In the article An Introduction to Classic American Pragmatism, the main aspects of pragmatism are examined. The author, Raymond Pfeiffer, Professor of Philosophy, argues that every person understands pragmatism differently, though in common language, the term “pragmatism” conveys the inclination for the practical.
As a philosophical term, it was created by a Charles Peirce, an insurgent sage at the end of the 19th century. Peirce, the founder of pragmatism, in his studies, employed logic and the methodology of science to philosophy. However, Pierce does not go a long way to confirm that people should cease their persuasions on all the issues. (Pfeiffer)
Another mighty pragmatist James, resting upon Pierce’s pragmatic approaches, tried to comprehend the religious life. He confirmed that the practical demands of human beings in this world might warrant faiths and practices that cannot be proven true in opposite way.
As the impact of American pragmatism has been wide and its mutual relations with other thinkers rich. There are conceivable connections between the methods and consequences of Peirce and Jean-Paul Sartre. They both arrived at about the sense of the human essence. (Pfeiffer)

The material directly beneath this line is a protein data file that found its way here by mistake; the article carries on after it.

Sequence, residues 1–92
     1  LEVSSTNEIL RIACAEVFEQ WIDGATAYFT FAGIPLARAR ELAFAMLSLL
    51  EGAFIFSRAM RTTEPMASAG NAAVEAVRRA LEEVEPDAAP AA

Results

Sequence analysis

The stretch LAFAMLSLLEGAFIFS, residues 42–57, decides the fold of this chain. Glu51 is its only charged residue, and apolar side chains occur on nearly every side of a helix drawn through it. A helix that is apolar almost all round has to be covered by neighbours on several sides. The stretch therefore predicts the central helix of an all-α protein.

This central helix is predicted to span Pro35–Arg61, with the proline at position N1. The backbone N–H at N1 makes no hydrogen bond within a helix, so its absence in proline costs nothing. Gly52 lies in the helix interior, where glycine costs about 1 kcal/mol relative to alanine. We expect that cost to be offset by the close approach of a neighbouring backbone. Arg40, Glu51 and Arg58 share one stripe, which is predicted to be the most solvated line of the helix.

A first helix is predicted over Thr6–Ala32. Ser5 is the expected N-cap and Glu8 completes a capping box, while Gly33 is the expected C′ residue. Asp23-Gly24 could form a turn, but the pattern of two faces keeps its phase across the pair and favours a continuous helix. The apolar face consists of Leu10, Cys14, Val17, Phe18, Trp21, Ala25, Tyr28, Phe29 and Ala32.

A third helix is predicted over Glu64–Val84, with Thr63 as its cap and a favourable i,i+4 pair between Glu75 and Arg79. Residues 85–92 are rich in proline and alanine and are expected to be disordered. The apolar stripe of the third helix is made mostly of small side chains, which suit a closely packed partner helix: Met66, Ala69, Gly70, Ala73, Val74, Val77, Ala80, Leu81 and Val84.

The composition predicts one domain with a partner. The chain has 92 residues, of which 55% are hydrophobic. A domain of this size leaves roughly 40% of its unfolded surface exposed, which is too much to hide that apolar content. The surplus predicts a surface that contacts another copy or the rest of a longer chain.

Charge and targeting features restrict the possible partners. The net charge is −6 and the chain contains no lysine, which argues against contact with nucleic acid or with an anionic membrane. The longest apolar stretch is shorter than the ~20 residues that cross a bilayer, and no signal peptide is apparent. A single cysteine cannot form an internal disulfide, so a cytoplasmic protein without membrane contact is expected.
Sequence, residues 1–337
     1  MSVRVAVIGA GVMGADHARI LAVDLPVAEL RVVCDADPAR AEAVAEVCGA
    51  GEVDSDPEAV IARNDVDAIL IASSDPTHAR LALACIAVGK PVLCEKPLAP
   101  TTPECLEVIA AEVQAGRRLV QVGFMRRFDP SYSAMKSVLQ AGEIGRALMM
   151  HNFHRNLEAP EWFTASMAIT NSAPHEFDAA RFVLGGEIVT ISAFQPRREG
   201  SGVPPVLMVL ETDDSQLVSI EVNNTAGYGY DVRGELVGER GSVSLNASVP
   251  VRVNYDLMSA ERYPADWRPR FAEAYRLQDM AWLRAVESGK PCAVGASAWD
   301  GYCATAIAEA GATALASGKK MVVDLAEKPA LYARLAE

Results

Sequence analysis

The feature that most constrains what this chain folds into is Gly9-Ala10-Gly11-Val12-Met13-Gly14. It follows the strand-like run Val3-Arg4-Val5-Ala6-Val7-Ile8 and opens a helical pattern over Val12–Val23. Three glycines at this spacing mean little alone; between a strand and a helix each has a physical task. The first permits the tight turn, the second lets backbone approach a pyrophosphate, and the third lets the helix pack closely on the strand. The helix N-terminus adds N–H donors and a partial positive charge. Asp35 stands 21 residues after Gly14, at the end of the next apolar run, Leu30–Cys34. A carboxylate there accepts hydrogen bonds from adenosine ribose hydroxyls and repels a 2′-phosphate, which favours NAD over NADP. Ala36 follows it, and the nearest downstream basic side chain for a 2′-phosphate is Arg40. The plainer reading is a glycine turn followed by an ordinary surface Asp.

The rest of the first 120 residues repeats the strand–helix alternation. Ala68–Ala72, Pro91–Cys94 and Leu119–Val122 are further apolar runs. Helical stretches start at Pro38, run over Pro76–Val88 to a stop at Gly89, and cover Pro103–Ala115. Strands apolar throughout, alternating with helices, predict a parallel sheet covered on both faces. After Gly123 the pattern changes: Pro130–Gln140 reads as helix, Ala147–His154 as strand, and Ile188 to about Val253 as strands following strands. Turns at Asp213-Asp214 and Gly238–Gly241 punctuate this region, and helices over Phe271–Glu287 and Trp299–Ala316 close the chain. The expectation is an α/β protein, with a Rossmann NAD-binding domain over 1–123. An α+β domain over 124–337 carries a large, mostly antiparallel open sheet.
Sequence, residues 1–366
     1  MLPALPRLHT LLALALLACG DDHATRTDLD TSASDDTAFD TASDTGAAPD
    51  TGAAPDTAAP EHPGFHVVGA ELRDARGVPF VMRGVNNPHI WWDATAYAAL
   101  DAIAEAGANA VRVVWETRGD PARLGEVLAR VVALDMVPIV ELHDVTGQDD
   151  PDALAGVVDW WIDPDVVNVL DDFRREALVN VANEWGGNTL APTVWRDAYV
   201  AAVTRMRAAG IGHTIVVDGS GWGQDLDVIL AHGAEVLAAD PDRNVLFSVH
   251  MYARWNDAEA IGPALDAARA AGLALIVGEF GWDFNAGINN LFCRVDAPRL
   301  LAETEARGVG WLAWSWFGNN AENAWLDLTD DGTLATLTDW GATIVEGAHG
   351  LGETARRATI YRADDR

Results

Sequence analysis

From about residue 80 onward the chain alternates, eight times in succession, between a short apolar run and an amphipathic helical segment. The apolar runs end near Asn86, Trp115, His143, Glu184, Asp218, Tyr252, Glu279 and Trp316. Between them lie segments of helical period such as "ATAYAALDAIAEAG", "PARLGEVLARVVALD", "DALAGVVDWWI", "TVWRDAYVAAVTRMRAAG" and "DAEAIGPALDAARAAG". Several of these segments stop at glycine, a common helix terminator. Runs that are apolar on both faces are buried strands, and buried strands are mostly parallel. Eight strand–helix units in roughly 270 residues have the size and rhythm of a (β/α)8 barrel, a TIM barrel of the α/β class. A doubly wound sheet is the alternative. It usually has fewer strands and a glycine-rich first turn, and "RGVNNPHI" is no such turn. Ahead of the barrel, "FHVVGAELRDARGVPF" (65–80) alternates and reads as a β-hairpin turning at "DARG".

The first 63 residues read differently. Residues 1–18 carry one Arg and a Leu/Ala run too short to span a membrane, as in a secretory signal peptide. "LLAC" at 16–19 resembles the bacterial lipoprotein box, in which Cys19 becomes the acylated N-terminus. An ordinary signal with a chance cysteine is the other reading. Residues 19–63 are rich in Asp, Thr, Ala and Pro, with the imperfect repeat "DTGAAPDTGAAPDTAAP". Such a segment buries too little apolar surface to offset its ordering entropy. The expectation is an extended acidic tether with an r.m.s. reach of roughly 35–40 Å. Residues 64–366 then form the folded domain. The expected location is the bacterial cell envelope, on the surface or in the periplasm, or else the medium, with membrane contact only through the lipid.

One can determine several specifications, which characterize pragmatism the best. Raymond Pfeiffer contributed six. For instance, there are issues of the importance of language are easy solved by studying the practical consequences of the thoughts and observations in issue, the illumination by some priori notions is delusive. (Pfeiffer)
Pfeiffer, R. (2015, June 1). An Introduction to Classic American Pragmatism. Retrieved July 14, 2015.